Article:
Charleston startup lands ‘significant’ investment to help with renter affordability | Real Estate

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CoLife matches renters with homeowners who want to rent a room for less than the cost of the apartment

A Charleston startup trying to build a modern version of the old pension model recently received “a significant investment” from a West Coast venture capital firm, as well as further funding from Lowcountry investors.

CoLife founder and CEO Derek Snook declined to disclose how much money was invested in his company to help with Charleston’s high rental costs, but he said the amount was in the six figures. Most was provided by San Francisco-based Platform Venture Studio, co-founded by former Sequoia Capital partner Tim Connors.

Sequoia made early investments in many large companies, the most notable being Google, Youtube, Apple, Whatsapp, Paypal, Instagram, Linkedin, Oracle, and Zoom.

Snook also said another six-figure sum came from investors in the Charleston area, as well as others across the country. “About 12 percent came from local investors,” he said.

The money will be used to support the company’s growth and add a full-time software developer and marketing rep.







Derek Snook in the living room (copy)

Derek Snook talks about CoLife, a company he founded that connects people looking for a room for rent in someone’s house with the homeowner, saving renters the cost of a one bedroom unit plus utilities and the cost of buying furniture . Renters must stay at least one month. CoLife recently received an investment to support the company’s growth. File/Brad Nettles/Staff


CoLife started in late 2019 with about $60,000 and eventually enrolled about 400 homeowners interested in renting a room in their owner-occupied home. The effort resulted in about 100 matches between a renter and a homeowner.

Snook said that when the money ran out, signups fell and he had to turn to raising more funds to keep the company going.

He believes the new capital injection will result in about 2,500 homeowners signing up to participate in up to 500 games that bring a tenant into a home.

“We’re a big solution to Charleston’s housing crisis,” he said, citing skyrocketing home prices and escalating rents.


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Noting that thousands of homes in the Charleston area have furnished rooms that aren’t being used, he said the program helps people rent a room for less money than a traditional apartment, with the added benefits of not living alone to have to and to make new friends.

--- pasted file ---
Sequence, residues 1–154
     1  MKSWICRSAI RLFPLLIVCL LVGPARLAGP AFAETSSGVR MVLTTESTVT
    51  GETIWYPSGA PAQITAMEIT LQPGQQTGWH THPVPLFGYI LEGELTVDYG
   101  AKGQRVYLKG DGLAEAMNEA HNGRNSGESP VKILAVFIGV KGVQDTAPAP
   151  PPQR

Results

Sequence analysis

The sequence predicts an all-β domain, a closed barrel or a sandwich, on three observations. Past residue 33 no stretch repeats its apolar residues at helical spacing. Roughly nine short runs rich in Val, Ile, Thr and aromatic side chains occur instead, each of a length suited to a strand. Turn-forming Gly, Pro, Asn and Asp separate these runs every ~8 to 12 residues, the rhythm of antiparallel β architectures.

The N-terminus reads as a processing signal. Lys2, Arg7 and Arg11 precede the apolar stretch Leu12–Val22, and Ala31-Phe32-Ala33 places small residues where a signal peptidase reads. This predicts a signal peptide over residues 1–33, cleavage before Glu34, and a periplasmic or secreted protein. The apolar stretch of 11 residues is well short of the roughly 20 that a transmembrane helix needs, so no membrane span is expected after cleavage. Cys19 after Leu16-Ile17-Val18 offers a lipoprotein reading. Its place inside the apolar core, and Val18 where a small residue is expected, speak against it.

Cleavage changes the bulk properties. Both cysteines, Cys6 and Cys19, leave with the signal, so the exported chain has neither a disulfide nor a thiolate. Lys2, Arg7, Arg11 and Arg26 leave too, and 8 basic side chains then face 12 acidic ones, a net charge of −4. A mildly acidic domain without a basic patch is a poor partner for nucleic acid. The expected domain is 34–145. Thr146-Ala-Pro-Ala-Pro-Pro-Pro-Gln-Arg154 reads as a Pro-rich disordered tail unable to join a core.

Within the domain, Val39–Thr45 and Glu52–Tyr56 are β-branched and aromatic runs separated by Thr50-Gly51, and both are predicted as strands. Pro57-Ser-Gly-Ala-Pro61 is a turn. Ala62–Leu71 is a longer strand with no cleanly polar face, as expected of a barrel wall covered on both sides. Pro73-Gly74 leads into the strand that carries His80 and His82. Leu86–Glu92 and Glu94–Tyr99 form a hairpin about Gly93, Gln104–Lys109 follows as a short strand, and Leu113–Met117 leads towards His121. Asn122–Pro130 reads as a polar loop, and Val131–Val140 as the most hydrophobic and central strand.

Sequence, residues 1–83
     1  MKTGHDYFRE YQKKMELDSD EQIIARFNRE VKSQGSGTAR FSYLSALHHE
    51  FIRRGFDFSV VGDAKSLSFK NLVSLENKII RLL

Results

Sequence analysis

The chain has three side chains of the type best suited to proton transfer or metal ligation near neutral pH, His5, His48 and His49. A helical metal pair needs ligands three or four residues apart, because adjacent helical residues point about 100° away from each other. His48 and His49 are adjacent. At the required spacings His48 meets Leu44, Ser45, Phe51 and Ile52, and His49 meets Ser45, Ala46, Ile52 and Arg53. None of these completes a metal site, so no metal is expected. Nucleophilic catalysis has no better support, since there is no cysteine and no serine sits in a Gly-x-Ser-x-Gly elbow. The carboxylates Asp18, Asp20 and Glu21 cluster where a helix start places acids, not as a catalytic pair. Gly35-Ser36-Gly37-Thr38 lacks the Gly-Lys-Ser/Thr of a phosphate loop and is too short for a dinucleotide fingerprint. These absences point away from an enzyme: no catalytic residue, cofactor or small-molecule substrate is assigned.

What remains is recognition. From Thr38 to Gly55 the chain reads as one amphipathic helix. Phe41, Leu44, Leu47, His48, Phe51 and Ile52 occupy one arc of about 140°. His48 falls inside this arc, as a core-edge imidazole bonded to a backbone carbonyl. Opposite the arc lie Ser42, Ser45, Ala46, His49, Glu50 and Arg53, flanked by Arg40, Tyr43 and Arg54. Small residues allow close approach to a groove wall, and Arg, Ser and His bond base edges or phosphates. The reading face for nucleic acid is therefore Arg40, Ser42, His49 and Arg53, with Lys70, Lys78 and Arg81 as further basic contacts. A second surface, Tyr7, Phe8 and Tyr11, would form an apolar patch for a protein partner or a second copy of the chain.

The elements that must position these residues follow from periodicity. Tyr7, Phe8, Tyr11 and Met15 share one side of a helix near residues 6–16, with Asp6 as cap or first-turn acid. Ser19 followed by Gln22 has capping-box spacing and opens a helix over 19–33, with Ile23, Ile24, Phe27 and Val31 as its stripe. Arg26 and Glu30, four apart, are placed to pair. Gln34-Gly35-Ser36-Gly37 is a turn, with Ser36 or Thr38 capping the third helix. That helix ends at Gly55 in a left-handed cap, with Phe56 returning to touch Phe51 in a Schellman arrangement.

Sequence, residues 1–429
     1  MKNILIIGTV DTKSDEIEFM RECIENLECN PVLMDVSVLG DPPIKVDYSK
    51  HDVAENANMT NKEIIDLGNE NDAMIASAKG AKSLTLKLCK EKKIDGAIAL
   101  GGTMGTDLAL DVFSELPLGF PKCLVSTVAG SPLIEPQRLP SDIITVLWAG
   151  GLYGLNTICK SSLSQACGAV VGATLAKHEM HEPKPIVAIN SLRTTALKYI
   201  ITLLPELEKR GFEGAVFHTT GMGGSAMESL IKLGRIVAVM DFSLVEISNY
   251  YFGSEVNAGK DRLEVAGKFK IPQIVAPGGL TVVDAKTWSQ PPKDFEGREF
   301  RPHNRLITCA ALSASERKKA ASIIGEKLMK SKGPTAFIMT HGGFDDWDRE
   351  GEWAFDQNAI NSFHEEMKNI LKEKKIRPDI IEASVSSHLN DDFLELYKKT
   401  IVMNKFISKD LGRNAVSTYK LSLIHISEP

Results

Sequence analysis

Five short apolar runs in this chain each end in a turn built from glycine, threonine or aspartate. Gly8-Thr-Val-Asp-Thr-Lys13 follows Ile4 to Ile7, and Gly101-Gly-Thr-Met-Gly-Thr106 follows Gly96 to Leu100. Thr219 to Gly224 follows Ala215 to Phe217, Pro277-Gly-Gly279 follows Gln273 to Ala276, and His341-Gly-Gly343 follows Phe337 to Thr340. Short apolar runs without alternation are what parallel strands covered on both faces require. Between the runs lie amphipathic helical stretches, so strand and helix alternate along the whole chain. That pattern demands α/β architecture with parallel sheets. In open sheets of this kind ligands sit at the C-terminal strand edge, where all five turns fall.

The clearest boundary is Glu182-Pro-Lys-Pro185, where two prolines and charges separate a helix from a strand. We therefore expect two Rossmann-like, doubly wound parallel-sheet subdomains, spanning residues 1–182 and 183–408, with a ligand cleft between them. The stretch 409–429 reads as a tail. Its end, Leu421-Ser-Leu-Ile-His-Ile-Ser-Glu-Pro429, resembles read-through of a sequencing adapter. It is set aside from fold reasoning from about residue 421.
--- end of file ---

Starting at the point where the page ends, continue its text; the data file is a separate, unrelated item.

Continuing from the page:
The online platform matches potential renters looking for furnished rooms with homeowners willing to rent a space and make some extra cash.

Homeowners register with the online business and undergo a background check where they offer a room in their home for a set price including utilities.

Prospective tenants register and fill out what they are looking for in a co-living space.

When there is a match, CoLife puts the client in touch with a homeowner and they chat online or over the phone before meeting in person to get a feel for the other.

The $75 background check fee will be refunded if no match is found. CoLife’s service fee is $99-$199 depending on the length of stay, which must be a minimum of one month. It will also be refunded if the arrangement does not work within 30 days.


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Homeowners registered with CoLife generally charge between $600 and $1,000 in rent per month. Additional costs are included, there is no deposit and the room is already furnished.

The arrangement has one disadvantage. Tenants must weigh the loss of privacy from not living against the amount of money they could save.

“In addition to being a lot cheaper, more furnished, and more flexible, you also automatically get a friend,” Snook said. “We’re reinventing the modern boarding house… and we only work with homeowners who live in the residence.”

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Visit colife.fit for more information.









House for sale sign

Home sales across South Carolina stumbled in April for the fifth straight month on anemic inventory, rising interest rates and rising prices. Files/Warren L. Wise/Staff


SC home sales decline for 5th straight month

Home sales across South Carolina are still strong, but they fell in April for the fifth straight month in nearly all submarkets as borrowing costs soared and prices continued to rise.

Based on the numbers

4: Number of venues the owners of three Dog & Duck restaurants will have after they open a new location in Moncks Corner later this year.

2: Number of stores a jewelry and clothing store will have on Sullivan’s Island if plans for a sister location in Mount Pleasant go ahead.

2: Number of new candy stores heading into the Charleston area.


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This week in real estate

+ tax district: Some will not be sold in a proposed new tax district along King Street in downtown Charleston.

+ Under review: Developers want to build a 150-room hotel on the Charleston Peninsula near the Ravenel Bridge but need city approval.

+ Refill: A year after a renovated school opened, an office building in North Charleston is now more than 80 percent occupied.

+ Household cost help: A mortgage credit certificate can help pay some of the mortgage interest on your home, but get one before you complete the purchase.

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Cainhoy overhead (copy)

On the Cainhoy Peninsula north of Daniel Island, thousands of single-family homes like this one in Point Hope on Clements Ferry Road are expected in the coming years. File/Personal


On the Cainhoy Peninsula north of Daniel Island, thousands of single-family homes like this one in Point Hope on Clements Ferry Road are expected in the coming years.

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